The radiation will be able to kill cancer cells in the deeper layers of
that tumor than the chemotherapy is able.
Shrinkage - that would be a fantastic word to hear.
I feel my hope gaining momentum. That scares me. This hope could be squashed by the result of
this next scan. Yeah, I might lose a little sleep over this
I also inquired why my hair on my head, although thinly, is growing
back. “Was this an indication that my normal fast-dividing cells were growing
resistant to the Taxotere”? I asked.
Dr. M. could not answer my question. Apparently, no one understands why this
occurs. Some women, a very few, lose
very little hair. And some women like
me, see hair return. He did say this was
not an indication that my cancer was not responding to this drug.
Report of scans to be reviewed, new treatment plan to occur,
and heart function test to be done, six weeks from now.
Side-note: I saw my
old oncologist today. He greeted me as I
was leaving his Wilmington office where I receive my Neulasta shot. (This shot helps my bones rebuild my white
blood cells that the chemotherapy diminishes.)
He was in a happy mood as he quickly moved in to hug me. I was happy to see him, but when I left my
feelings of disappointment in the way he handled my changed diagnosis back in
April reappeared. I don’t want to feel
this way, but if your doctor doesn’t do what you feel he should have done, I
guess this is the only way I can feel. It
makes me sad.
*Note: Taxotere made my lymphedema worse. My appointment with Dr. R. went well yesterday. My fingernails are no longer infected. What a relief. But, my lymphedema is rearing
its ugly head.
Lymphedema in my right arm, hand and
fingers first appeared in 2010 about a month after my surgery to remove a local
recurrence in my skin along the inner right side of my chest. At that time, one lymph node was taken from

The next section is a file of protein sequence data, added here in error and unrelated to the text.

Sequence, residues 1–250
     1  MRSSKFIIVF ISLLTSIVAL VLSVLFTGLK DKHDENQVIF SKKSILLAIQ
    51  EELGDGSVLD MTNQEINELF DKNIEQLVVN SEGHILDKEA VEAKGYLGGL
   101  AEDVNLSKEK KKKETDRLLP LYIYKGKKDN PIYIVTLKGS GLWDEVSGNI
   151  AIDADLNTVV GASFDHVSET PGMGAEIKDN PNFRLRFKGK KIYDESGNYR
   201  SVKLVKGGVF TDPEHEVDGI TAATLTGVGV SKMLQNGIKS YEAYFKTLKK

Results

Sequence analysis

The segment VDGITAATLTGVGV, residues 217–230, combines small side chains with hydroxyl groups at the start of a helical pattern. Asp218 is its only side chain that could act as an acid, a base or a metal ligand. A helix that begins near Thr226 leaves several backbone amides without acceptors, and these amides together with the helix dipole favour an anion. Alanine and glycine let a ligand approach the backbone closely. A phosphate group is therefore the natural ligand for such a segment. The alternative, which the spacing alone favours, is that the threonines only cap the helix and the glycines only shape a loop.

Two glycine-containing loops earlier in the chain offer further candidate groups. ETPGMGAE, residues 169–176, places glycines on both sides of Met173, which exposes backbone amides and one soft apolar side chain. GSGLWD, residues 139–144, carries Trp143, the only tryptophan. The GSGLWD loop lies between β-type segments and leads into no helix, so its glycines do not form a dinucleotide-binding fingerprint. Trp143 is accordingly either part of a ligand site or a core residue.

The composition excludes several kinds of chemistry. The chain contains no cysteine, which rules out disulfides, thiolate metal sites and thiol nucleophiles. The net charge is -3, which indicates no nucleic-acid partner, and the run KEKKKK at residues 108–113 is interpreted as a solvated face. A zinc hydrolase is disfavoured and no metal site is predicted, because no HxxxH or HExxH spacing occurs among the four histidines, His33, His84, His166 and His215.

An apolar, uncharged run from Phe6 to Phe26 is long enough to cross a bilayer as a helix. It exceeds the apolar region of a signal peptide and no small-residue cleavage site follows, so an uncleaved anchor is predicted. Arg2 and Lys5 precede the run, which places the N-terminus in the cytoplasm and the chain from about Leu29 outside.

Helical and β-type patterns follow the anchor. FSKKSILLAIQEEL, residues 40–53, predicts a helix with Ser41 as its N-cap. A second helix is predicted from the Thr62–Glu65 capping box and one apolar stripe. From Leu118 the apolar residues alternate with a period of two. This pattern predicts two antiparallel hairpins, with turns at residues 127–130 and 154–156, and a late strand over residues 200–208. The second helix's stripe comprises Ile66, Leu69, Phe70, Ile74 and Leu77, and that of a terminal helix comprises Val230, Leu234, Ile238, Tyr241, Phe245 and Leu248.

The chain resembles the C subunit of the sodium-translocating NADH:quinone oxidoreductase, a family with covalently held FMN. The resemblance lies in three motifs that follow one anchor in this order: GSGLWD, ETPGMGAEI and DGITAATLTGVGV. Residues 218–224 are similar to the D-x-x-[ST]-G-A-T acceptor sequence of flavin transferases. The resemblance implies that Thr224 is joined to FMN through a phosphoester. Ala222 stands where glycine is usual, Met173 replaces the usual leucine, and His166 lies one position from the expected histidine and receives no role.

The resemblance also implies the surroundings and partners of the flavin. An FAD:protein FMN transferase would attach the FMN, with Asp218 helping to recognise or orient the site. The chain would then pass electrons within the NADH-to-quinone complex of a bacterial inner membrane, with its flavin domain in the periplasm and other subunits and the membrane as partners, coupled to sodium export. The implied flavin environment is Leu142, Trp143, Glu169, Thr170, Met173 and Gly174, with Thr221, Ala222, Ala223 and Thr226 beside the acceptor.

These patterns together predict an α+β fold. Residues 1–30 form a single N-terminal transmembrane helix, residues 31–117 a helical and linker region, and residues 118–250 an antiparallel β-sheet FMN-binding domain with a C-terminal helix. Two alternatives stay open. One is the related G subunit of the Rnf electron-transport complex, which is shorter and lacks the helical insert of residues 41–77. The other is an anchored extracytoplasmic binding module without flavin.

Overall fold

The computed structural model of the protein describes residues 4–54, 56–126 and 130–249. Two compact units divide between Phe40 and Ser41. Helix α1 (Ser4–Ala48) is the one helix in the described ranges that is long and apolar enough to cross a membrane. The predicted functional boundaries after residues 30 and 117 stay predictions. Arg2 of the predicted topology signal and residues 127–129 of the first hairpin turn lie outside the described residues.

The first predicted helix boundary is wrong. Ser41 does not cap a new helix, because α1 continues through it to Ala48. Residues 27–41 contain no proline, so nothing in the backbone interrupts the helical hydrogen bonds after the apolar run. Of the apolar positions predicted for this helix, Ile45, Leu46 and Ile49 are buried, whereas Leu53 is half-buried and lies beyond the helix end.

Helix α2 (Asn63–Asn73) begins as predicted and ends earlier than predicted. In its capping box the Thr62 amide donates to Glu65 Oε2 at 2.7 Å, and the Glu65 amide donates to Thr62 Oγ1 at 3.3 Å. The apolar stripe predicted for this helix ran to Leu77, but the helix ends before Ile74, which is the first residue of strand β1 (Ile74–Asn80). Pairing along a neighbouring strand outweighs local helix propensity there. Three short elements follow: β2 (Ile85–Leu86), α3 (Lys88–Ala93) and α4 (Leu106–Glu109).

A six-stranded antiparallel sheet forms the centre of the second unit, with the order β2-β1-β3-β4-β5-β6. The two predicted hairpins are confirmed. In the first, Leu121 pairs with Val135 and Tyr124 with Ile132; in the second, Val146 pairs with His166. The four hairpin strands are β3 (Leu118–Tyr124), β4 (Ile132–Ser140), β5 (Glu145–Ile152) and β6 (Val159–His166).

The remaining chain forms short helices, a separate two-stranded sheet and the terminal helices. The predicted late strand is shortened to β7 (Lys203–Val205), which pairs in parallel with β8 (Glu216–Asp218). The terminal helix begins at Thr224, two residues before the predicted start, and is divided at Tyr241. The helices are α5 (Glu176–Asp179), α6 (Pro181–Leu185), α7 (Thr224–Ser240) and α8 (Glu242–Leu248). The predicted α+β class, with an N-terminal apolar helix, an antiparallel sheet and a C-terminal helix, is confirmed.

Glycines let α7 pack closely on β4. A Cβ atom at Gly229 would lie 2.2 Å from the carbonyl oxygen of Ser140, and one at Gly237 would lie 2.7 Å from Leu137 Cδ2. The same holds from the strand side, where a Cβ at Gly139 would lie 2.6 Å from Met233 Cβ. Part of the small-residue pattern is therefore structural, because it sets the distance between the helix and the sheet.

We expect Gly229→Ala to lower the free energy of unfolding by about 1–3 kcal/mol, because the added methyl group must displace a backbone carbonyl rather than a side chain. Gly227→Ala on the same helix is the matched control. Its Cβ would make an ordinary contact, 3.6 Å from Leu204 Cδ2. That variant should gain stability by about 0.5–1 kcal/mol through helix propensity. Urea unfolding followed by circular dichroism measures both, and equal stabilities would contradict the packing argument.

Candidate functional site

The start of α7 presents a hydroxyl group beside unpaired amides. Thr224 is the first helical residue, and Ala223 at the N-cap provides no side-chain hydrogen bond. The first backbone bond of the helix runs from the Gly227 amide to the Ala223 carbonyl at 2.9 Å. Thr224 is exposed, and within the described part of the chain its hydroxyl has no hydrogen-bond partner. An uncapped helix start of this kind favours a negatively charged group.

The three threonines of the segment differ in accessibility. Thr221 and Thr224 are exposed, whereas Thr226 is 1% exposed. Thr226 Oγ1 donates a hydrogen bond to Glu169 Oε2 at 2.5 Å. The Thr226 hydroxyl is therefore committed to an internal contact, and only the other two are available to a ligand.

my armpit to determine if the cancer had spread. Cancer in the breast typically spreads to the
under arm lymph nodes first before it spreads anywhere else. (A small percentage of lymph fluid drains to
the nodes in the middle of the chest.
That is where my cancer spread.)
The first indication that something was wrong was the development of a
golf ball sized mass at the incision site under my arm where the lymph node had
been removed. This swelling was drained
of clear fluid three times before it finally subsided. In 2005, when I had my bilateral mastectomy,
two lymph nodes were taken from that same area of my armpit. My lymph nodes for both surgeries were cancer
free. As a result of this additional
lymph node being removed, the drainage pathway for the lymphatic fluid was
further compromised resulting in my lymphedema.
Here is a description of how fluid
gets trapped in the limbs of the body.
The lymphatic fluid is carried by
the bloodstream first. Once it reaches
the capillaries, this fluid penetrates through these membranes and spills out
into the surrounding tissues providing those cells with necessary nutrients and
gases so the cells can function properly.
This fluid in the tissues then picks-up wastes from the cells, dead
blood cells, toxins, and cancer cells from the tissues. About 90% of this fluid enters back into the
blood stream. The rest enters the
vessels of the lymphatic system. As this
clear yellowish fluid travels through the lymph vessels, it enters lymph nodes
along the way. These nodes filter-out
various harmful or not needed components from the fluid in order to prepare it
for entry back into the blood stream. If
the lymph nodes detect a pathogen, it sends lymphocytes (white blood cells)
into action. Lymph nodes also trap and
destroy cancer cells, but the nodes can become overwhelmed by cancer just as it
cannot control all bacterial and viral infections.
Lymphatic fluid travels in one
direction. That direction is always
toward the subclavian vein in both the right and left side of the neck where
the lymphatic fluid reenters the bloodstream.
There are one-way ducts throughout the lymph vessels so there is not
back-flow of the lymph fluid. Since the
lymph fluid is not pumped by the heart, the body uses other methods to do this
job. The skin provides compression and